Executive Divorces: The Action Moves To The Boardroom
Ending a marriage is more expensive than ever for high-earning executives. Wealth and status only serve to complicate the already painful and traumatic experience of ending a relationship, possibly being separated from your children and having to start a new life. Worryingly, when their marriages end in divorce, executives are finding themselves having to hand over large sums of money, stakes in their businesses and sensitive competitive information.
“Companies are being dragged onto the battlefield,” says Liza Segal, an advocate specialising in divorce and family law and co-founder of Ad Idem, a family and divorce settlement mediation company. “As a result, divorce is no longer a personal issue, but one that impacts the organisation too. Divorce can be ugly. It leaves people unable to focus, depressed, and worried about the future. Added to the emotional anxiety are the logistical and practical requirements which impede efficiency in the workplace.”
In the case of senior management, their behaviour impacts shareholders, business partners, employees, suppliers and customers. “When a CEO’s performance is hampered, company value is affected,” says Deanne Kahn, an attorney specialising in divorce and family law and Segal’s business partner. “This makes divorce even more heinous than it already is. People look up to CEOs, CIOs and CFOs and the way they are perceived impacts the impression the public has of the company and the brand.”
During a messy divorce allegations about a CEO’s behaviour often emerge. The sordid details become a matter of public record and are lapped up by the media. As the relationship becomes more hostile, there will be an incessant flow of applications and counter applications, pleadings and affidavits – all of this costing many working hours and keeping leaders in consultation with their legal teams and in court for weeks on end. Colleagues may be subpoenaed to provide testimony, and employees throughout the company may be called on to help build an angry spouse’s case, impacting the entire organisation and costing it time and money.
“These are just some of the reasons why the best way to deal with divorce is as quickly and effectively as possible,” says Segal. “Litigation is extremely expensive and the longer the divorce takes, the worse the effects on everyone involved.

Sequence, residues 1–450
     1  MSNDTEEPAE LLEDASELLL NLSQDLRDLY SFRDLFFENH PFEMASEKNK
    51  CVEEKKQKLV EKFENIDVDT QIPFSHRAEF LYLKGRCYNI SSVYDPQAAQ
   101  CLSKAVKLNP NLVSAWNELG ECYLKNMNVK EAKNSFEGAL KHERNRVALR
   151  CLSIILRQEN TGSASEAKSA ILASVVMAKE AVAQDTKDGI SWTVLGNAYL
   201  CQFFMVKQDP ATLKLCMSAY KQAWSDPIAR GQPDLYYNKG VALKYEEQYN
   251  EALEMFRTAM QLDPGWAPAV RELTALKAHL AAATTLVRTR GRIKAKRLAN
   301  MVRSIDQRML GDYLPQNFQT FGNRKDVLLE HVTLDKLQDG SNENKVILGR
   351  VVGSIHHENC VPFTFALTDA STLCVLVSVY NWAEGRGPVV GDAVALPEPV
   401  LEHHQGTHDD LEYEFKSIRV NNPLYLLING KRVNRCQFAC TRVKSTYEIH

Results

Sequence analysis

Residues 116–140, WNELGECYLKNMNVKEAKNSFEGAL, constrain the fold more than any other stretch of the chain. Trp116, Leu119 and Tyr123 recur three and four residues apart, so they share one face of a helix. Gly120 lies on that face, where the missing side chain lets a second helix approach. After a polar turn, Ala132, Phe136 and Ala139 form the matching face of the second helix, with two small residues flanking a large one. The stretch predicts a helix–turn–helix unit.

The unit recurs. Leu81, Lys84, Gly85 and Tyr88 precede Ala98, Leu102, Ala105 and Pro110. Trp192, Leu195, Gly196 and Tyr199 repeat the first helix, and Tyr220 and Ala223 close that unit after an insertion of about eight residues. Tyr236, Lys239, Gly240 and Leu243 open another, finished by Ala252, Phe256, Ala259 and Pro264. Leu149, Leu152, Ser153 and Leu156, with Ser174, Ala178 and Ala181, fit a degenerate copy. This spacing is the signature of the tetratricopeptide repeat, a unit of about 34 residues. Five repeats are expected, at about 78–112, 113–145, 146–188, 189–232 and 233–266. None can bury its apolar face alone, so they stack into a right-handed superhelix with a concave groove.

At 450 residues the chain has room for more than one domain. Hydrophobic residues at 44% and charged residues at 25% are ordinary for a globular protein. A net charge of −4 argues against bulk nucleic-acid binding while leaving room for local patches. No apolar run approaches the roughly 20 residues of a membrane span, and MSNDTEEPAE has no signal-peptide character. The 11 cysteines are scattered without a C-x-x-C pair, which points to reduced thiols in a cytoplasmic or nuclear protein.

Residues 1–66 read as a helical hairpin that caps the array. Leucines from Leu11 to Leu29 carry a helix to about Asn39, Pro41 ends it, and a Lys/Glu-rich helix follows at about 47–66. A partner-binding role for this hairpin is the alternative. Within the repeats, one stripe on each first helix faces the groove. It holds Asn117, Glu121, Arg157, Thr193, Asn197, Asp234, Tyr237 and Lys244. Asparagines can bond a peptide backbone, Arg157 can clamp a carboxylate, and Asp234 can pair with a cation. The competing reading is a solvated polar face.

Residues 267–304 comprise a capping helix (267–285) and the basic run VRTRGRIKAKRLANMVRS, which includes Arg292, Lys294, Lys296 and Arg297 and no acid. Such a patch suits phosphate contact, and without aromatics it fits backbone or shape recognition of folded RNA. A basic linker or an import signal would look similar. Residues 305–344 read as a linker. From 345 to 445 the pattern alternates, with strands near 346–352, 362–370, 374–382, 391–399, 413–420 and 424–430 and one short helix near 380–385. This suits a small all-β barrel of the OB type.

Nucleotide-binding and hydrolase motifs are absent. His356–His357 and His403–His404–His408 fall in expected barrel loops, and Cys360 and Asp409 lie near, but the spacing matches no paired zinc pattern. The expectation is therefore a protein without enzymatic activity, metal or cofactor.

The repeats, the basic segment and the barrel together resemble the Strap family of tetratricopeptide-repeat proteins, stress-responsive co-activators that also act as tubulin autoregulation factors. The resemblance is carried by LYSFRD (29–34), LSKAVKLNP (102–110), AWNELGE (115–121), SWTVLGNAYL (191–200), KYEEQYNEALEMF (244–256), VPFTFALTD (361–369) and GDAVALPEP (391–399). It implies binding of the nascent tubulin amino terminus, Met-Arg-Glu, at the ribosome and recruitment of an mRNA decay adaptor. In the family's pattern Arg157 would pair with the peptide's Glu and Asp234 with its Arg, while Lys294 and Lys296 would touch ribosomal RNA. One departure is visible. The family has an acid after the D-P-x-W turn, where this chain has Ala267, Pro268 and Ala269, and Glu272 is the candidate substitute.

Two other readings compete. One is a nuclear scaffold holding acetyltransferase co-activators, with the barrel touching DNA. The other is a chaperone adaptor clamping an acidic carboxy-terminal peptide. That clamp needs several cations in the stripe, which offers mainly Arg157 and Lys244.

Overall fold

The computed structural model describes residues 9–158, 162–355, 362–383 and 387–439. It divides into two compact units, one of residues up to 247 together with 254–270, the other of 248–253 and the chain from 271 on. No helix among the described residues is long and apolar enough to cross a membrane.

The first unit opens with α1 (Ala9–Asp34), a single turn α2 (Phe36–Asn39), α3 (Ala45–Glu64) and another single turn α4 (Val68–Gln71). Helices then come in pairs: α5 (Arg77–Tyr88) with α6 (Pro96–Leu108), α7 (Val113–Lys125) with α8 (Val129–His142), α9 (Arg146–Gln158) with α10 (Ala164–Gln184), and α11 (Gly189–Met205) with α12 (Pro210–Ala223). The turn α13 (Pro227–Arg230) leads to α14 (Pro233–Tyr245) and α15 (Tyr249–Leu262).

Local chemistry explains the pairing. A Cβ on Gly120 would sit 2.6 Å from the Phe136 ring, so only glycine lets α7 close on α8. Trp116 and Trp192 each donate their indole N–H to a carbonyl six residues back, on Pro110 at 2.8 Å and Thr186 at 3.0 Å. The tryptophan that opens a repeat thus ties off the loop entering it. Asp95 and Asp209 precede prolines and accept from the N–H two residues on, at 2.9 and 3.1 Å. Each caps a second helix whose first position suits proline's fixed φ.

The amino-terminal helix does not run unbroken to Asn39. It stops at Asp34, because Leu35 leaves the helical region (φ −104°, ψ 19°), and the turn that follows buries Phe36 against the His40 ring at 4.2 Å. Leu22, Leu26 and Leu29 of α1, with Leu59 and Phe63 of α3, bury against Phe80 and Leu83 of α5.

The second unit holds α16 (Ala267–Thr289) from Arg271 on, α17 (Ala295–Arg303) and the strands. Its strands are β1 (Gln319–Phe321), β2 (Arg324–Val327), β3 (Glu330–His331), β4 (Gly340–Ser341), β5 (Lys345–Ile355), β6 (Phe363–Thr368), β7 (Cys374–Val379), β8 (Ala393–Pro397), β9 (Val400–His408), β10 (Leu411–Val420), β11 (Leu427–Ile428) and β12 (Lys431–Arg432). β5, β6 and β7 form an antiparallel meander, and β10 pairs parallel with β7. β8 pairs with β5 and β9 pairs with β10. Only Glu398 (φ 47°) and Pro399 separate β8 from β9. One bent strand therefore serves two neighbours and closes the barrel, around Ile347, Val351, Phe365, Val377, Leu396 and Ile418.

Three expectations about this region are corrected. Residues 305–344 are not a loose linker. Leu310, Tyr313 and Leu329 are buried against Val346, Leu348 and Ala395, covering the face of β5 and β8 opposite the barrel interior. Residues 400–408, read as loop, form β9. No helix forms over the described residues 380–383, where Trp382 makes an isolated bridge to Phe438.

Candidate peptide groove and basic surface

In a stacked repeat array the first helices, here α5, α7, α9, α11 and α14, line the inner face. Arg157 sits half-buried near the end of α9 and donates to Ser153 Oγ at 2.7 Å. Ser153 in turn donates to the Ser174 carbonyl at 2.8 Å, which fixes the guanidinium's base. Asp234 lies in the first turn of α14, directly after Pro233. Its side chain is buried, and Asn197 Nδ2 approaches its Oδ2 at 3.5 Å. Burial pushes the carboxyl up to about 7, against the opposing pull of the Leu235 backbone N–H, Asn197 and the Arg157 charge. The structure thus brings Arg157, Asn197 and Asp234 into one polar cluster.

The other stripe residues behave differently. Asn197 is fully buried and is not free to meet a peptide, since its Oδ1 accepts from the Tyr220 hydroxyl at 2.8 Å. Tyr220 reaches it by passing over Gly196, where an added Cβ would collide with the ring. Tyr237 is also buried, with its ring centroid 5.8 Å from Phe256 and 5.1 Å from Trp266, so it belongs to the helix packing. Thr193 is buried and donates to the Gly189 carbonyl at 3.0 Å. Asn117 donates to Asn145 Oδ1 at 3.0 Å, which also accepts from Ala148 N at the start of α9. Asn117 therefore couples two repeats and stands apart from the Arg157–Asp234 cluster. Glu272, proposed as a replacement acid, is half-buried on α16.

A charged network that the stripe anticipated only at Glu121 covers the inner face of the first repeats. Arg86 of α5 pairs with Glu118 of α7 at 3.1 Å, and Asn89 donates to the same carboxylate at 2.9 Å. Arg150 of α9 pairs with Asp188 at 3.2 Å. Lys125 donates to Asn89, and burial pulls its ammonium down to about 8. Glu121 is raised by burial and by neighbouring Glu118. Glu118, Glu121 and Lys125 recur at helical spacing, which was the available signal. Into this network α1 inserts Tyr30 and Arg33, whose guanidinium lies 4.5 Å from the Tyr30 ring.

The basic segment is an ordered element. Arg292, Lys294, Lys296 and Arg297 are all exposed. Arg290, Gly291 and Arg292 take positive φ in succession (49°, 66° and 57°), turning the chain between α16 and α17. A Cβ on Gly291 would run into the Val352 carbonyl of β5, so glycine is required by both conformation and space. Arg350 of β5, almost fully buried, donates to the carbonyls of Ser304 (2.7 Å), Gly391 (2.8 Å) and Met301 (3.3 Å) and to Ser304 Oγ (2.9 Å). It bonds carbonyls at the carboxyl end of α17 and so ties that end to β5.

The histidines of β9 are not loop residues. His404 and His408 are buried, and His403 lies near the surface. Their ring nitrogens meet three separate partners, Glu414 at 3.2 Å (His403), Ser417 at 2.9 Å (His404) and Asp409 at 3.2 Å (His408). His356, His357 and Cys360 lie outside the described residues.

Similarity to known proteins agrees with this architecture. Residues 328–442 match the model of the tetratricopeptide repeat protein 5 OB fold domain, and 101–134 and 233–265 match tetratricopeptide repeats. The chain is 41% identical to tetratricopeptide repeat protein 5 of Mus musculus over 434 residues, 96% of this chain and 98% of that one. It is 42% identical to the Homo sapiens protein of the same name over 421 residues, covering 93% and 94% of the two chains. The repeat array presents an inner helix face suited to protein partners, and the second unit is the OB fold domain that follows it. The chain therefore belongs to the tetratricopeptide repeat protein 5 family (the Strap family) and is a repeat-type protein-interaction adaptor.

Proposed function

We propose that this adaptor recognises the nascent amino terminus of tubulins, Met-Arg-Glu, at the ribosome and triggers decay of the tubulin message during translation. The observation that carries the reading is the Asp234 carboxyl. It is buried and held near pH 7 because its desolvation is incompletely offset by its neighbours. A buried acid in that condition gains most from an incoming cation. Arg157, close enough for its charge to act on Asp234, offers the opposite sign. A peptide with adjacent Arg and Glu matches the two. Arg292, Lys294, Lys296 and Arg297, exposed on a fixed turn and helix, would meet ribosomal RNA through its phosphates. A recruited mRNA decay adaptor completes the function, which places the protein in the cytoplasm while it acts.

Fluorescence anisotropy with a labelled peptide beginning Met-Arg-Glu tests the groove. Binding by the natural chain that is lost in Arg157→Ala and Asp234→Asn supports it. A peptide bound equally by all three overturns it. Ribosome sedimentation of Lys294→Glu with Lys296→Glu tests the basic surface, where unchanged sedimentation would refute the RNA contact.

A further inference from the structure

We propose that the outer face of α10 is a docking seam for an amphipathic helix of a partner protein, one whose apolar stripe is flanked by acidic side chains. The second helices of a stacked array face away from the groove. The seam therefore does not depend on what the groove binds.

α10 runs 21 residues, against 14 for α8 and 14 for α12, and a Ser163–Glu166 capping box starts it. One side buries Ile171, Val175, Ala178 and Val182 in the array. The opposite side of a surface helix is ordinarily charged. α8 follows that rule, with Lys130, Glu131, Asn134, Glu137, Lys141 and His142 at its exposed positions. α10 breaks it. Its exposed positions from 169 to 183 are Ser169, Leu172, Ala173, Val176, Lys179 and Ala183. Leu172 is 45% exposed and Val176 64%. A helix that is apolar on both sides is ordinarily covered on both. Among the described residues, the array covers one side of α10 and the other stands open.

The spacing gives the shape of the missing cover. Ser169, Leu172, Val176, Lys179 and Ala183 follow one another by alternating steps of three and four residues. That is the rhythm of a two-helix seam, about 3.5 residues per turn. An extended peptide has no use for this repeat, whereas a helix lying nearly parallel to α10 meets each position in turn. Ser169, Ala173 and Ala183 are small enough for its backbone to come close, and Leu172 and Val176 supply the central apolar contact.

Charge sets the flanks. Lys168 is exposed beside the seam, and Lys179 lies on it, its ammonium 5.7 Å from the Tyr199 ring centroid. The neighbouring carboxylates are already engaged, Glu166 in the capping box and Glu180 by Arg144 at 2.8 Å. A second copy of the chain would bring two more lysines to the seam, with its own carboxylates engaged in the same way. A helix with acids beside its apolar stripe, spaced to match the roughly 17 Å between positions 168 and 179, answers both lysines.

Divorce settlement mediation is the sensible way for couples to work out the terms of their divorce, saving both parties significant time and money. It is without prejudice and it’s confidential. Choosing mediation also results in far less stress during the process. This means performance at work is less likely to be impacted.
“Dissolving the marriage in a non-litigious manner benefits everyone,” says Kahn. “Instead of appointing two separate attorneys to litigate the divorce, both parties consult with a family law practitioner. The mediator, an expert in child and family law, provides guidance for the couple on the anticipated range of likely court outcomes and helps them to reach a mutually acceptable resolution that is in their best interests.”
Unlike a litigated divorce, a mediated one remains private. The conclusion is determined by the two spouses, both of whom have a financial and emotional interest in the success of the process.
This is not only the quickest route to follow, but it is also the most cost-effective and can save both parties vast amounts of money which go towards the often merciless process of litigation in a divorce which involves people who are affluent.
“The benefits to the business are just as great,” Segal points out. “By choosing the mediation route, high-ranking executives who are going through a divorce are able to conclude the process and move on with their lives with as little disruption as possible, and with minimal damage to their reputation and that of the company. It’s a critical consideration for those who have a responsibility to all the stakeholders in a company.”
The message is clear: exposing yourself to protracted and acrimonious litigation will impact your life on every level. Don’t let the dispute and the resulting acrimony spiral out of control. Instead, once you have agreed to separate, take immediate action and bring the situation to a close.
*Liza Segal & Deanne Kahn are directors of Ad Idem.
Cher Heystek, Ad Idem, 011 268 2095, firstname.lastname@example.org
Usman Aly, Predictive Communications, 011 452 2923, email@example.com[Back]